In just a few hours, I’ll be attending a culinary potluck to celebrate Mark Bitterman‘s new book Salted: A Manifest on the World’s Most Essential Mineral, with Recipes.  As a guest, I will be contributing a recipe that showcases the importance of salt.  This task made me think of one of my favorite childhood fairy tales.

In the story, a father asks each one of his daughters how much they love him.  When the youngest daughter compares her love for her father to her love for salt, she is banished from the family.  I can’t exactly remember what happens next, but I’m sure there are countless bland dishes and recipes that follow and the father finally realizes just how much his daughter really loves him.

Moving on, when thinking about my contribution, for some reason, truffles came immediately to mind.  I took the basic recipe and decided to add a touch of vanilla and a kick from cayenne pepper.  Dusted with Himalayan Pink salt, these little round delights are as beautiful, decadent, and special, as they are delicious.  You might want to double the amount of cayenne pepper if you want them extra spicy.


1/3 cup heavy cream
12 ounces semi-sweet chocolate chips (I used Ghirardelli semi-sweet, but feel free to use your favorite.  You can also buy a block of chocolate and cut it yourself into small pieces)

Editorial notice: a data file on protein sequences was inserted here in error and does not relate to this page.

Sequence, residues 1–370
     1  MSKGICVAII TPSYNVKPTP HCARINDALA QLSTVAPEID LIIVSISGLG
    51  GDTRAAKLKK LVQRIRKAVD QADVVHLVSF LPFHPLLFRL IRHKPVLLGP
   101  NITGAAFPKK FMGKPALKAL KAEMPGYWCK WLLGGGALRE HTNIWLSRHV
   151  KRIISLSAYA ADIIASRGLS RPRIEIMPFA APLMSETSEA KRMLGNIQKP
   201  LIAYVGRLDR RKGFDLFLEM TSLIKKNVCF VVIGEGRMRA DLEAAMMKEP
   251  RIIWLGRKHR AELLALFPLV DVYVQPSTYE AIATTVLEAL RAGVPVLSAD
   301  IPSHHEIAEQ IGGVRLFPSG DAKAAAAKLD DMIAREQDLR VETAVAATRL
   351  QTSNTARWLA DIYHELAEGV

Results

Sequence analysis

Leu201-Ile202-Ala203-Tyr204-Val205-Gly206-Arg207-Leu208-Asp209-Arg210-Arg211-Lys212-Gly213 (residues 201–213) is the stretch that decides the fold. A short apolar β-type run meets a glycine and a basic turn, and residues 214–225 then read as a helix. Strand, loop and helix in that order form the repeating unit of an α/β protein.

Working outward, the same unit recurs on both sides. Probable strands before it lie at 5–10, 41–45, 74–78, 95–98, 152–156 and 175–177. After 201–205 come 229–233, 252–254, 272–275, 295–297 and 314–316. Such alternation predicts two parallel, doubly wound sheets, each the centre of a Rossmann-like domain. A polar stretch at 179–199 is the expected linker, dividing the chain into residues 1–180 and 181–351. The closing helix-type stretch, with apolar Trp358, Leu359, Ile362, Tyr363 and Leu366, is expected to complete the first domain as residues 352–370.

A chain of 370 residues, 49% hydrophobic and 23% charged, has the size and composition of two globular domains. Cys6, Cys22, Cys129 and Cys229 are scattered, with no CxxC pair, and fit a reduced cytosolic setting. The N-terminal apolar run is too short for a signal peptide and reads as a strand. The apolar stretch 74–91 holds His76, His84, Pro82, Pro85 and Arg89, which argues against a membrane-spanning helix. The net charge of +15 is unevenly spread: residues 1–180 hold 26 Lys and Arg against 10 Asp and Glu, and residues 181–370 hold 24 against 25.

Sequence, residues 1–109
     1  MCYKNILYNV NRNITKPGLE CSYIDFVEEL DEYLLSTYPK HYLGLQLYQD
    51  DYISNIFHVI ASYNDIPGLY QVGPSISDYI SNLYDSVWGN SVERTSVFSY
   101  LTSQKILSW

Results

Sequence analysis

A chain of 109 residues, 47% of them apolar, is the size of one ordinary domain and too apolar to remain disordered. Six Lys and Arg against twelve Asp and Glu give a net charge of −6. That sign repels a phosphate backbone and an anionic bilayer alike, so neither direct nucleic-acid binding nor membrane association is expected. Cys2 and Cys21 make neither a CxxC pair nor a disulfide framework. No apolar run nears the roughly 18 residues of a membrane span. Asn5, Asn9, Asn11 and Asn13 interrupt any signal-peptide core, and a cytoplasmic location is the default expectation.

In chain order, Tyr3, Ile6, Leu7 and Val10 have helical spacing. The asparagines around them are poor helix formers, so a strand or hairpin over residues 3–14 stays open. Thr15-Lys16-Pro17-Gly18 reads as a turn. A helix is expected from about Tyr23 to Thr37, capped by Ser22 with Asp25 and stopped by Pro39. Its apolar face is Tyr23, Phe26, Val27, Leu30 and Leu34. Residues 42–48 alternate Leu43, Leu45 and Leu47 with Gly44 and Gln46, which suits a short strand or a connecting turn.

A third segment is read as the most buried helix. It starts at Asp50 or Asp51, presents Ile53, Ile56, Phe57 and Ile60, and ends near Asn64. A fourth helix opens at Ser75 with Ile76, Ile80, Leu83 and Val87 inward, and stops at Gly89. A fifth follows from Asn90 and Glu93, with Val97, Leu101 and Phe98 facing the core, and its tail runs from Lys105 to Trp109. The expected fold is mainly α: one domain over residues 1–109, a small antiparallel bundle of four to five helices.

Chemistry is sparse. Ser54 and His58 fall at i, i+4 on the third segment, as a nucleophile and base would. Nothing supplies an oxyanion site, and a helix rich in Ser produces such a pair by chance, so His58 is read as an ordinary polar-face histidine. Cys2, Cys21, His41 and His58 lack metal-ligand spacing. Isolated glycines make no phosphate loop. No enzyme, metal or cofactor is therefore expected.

6 tablespoons butter, at room temperature, cut into small pieces
1/2 teaspoon pure vanilla
1/4 teaspoon cayenne pepper
Himalayan Pink salt as needed (mine came from Marx Foods)


1.  Bring heavy cream to a simmer in a small pot.

2.  Turn off the heat and whisk in chocolate and butter until completely incorporated.  If necessary, you might turn the heat on very low to help the chocolate and butter melt.  If you work quickly and carefully, you will be able to avoid using a double boiling method and save an extra bowl to clean.

3.  Off heat, stir in vanilla and cayenne pepper.  Pour the chocolate goodness into a shallow container, I’m using a large Pyrex dish.  Cover and refrigerate for a few hours, or until the chocolate sets.

4.  Once set, remove the chocolate from the refrigerator.  Line a baking sheet with parchment (I love parchment sheets that lay flat, rather than cutting a roll of parchment paper).  Using a scoop, drag the chocolate across, forming a tight ball, and release.  

Now, you can either let the truffles be (I call this roll and drop method), or you can roll and roll, where you roll the truffle in your hands, to achieve a more uniform shape.  My hands were too warm and as I tried to roll the truffles, they began to melt, so I let them be.  Let’s pretend I was going for the rustic look.  Once rolled, sprinkle the truffles with salt and put back in the refrigerator to set up.

Time to eat!  I can’t wait to hear what other fellow potluck gathers will think of these truffles.

You could also roll the truffles in cocoa, chopped nuts, powdered sugar, or melted chocolate.
What’s your favorite salt recipe?